Development of clusters and avalanches of damage events is a key characteristic in statistical physics of structures susceptible to a catastrophic failure. This paper applies the concepts of such descriptions to the process of fibre breakage under tension in an impregnated fibre bundle model (IFBM). The following parameters are analysed: (1) susceptibility (damage caused by change in loading); (2) spatial clustering of breaks and its interdependency with avalanches; (3) the size distribution of fibre break clusters and avalanches; (4) fractal dimensions; and (5) correlation lengths of breaks. A systematic workflow and algorithms for this analysis are presented and applied for two realisations of a random fibre placement of carbon fibre/epoxy bundles with fibre volume fractions of 50% and 60%. For these two realisations: (1) the susceptibility divergence near the failure point is affected by the finite-size effect, being nearly constant for the last ~1/20th of strain life; this behaviour can be considered as a failure predictor; (2) the morphology of the break system is a spatially distributed multi-defect occurrence with the dimensionality of 3 for all breaks together and weak planarity demonstrated only by the largest clusters near failure; (3) the exponents of the cluster-size and avalanche-size power law distributions reached 2.5–3 for both statistics near the bundle failure, which may constitute an imminent failure indicator. Damage evolution of the carbon/epoxy IFBM up to the final failure is found to be short-correlated (with correlation length of the order of one fibre break stress redistribution zone) in the absence of collective long-range defect interactions. During the catastrophic avalanche, the spatially distributed morphology of breaks is gradually reorganized into a translaminar fracture mode.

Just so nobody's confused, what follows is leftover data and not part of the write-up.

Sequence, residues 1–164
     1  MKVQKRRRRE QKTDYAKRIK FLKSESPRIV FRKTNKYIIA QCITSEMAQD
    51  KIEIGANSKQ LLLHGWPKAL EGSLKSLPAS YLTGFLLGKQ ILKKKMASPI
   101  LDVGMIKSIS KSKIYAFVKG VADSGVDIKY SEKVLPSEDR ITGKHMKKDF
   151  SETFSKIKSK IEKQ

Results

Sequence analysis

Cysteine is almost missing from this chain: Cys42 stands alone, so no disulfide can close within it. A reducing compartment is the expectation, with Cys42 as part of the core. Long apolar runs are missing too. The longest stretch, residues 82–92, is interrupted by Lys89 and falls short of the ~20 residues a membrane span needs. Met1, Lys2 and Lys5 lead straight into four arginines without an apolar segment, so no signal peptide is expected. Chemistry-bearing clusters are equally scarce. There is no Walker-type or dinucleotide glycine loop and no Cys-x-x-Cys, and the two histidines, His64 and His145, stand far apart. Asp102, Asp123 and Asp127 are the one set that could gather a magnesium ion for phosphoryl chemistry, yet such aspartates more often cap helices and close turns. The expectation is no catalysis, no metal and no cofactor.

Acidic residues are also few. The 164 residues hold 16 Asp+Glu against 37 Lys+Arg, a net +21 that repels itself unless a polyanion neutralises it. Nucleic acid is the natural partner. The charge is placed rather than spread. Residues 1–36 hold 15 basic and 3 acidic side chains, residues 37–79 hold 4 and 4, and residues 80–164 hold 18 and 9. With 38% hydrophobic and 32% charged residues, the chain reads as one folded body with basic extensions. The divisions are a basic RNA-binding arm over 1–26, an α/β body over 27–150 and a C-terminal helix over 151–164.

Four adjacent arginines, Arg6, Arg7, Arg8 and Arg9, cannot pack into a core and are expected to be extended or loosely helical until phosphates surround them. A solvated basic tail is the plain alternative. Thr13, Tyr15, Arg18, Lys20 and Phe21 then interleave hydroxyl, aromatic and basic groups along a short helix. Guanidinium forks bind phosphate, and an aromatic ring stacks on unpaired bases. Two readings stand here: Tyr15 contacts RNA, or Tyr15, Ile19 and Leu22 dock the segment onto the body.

- Fiber-reinforced composite material
- Fibre bundle
- Numerical methods